The jungle state of Acre is a long way from anywhere. Tucked into the north-western corner of Brazil, it is closer to the big towns of eastern Bolivia and southern Peru than it is to the industrial heartland of southern Brazil.

Yet it is through here that many migrants looking for a better life or escaping persecution in their own countries choose to enter Brazil.

Read full article Brazil: The 'El Dorado' for international migrants

Brazil elections: Damned lies and opinion polls

A poster of Brazil's President Dilma Rousseff (right) and former leader Luiz Inacio Lula da Silva in Sao Paulo. Photo: 9 October 2014
Ms Rousseff (right) is not seen by many in Brazil as charismatic as her predecessor and mentor "Lula"

Lies, damned lies and opinion polls.

I have decided, in the two weeks or so that remain in Brazil's presidential election run-off campaign, to ignore the plethora of opinion polls that will undoubtedly emerge before polling day.

Read full article Brazil elections: Damned lies and opinion polls

Brazil elections: Presidency still up for grabs after last TV debate

Politics is often compared to a soap opera but, in Brazil at least, it seems it is not held in such high esteem or given the same prominence.

Even though this was the last and probably the most important of the pre-election debates, the popular soap - Imperio - took precedence on the host Globo TV channel.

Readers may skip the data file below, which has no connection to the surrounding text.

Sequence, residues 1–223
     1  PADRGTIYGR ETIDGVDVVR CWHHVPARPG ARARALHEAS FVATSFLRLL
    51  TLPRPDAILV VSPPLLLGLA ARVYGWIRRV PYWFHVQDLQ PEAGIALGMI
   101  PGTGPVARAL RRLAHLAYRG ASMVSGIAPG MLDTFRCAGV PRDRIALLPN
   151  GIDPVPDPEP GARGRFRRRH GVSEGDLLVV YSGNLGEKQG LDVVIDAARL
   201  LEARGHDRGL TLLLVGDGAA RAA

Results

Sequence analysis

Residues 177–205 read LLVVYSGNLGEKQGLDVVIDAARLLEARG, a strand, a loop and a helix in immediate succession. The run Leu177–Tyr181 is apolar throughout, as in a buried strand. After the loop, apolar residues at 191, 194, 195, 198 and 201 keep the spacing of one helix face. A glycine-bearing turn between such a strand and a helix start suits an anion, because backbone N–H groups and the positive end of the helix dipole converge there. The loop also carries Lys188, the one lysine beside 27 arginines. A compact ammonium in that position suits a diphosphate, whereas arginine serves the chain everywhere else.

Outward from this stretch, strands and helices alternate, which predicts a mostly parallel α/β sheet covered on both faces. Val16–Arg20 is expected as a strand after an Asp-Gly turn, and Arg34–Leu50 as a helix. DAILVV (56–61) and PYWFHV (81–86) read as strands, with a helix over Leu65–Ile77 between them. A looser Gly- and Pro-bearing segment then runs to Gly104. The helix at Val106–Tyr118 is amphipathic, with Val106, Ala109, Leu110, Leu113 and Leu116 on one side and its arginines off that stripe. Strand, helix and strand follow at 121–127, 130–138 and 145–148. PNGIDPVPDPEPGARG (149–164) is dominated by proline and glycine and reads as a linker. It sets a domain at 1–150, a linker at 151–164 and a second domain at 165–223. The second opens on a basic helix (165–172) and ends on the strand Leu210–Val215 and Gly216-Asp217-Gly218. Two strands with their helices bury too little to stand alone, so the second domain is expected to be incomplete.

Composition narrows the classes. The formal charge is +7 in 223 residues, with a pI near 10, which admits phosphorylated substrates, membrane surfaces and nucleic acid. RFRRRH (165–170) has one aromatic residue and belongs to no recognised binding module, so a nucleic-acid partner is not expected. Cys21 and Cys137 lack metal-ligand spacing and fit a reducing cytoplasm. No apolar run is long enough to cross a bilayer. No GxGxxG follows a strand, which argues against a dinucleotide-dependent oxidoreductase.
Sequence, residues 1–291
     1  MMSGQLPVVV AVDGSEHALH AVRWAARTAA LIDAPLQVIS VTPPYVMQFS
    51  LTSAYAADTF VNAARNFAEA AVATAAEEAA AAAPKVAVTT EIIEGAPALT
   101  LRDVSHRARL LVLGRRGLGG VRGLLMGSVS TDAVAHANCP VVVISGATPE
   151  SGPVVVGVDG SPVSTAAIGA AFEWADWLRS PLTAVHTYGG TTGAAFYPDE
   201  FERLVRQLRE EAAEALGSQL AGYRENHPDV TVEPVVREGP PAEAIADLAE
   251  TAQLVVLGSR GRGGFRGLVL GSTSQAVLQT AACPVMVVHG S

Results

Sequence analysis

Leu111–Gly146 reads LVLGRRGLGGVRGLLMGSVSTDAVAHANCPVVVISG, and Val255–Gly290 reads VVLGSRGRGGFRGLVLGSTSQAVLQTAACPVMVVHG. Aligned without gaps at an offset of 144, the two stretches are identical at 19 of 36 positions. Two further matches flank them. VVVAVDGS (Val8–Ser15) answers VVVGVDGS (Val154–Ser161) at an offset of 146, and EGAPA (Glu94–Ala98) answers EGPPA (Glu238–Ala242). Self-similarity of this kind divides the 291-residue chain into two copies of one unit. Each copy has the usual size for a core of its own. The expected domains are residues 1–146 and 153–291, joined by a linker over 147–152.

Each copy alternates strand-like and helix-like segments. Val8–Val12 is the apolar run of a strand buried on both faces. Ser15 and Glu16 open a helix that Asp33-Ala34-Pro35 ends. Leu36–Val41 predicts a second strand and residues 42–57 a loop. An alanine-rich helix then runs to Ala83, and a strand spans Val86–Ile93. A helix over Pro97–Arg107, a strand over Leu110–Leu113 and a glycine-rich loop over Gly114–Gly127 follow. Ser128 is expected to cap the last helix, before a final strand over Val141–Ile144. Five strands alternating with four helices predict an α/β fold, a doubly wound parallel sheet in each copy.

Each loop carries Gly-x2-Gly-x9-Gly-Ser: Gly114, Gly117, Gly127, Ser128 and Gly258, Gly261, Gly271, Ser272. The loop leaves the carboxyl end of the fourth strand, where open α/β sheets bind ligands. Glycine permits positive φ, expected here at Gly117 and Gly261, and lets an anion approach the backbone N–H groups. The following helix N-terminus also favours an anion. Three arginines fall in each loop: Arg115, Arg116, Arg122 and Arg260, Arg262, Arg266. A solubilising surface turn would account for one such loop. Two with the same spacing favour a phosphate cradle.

Read full article Brazil elections: Presidency still up for grabs after last TV debate

Brazil in narrow presidential race as Silva captures imagination

Supporters of candidate Silva in the Rocinha favela in Rio de Janeiro 30 August 2014
Brazil is the world's seventh largest economy, but millions still live in poverty

Brazil is a contradictory, complex country.

It boasts the world's seventh largest economy but Brazilian society is still deeply divided and unequal.

Read full article Brazil in narrow presidential race as Silva captures imagination

Brazil candidates engage in verbal sparring in TV debate

Brazilian presidential candidates for the Social Christian Party, Pastor Everaldo (L), for the Socialism and Freedom Party Luciana Genro (2-L), for the Brazilian Socialist Party Marina Silva (3-L), for the Brazilian Social Democracy Party Aecio Neves (4-L), for the Brazilian Labour Renewal Party Levy Fidelix (2-R), for the Green Party Eduardo Jorge (R), host Ricardo Boechat (4-R) and Brazilian President and candidate for the Workers" Party Dilma Rousseff (3-R), attend a television debate in Sao Paulo, Brazil on July 26, 2014. Brazilian general elections will take place next October 5.
All seven candidates took part in the televised debate ahead of the presidential election in October

The first of Brazil's televised presidential debates has taken place just two weeks after the death of one of the leading candidates in October's election, Eduardo Campos.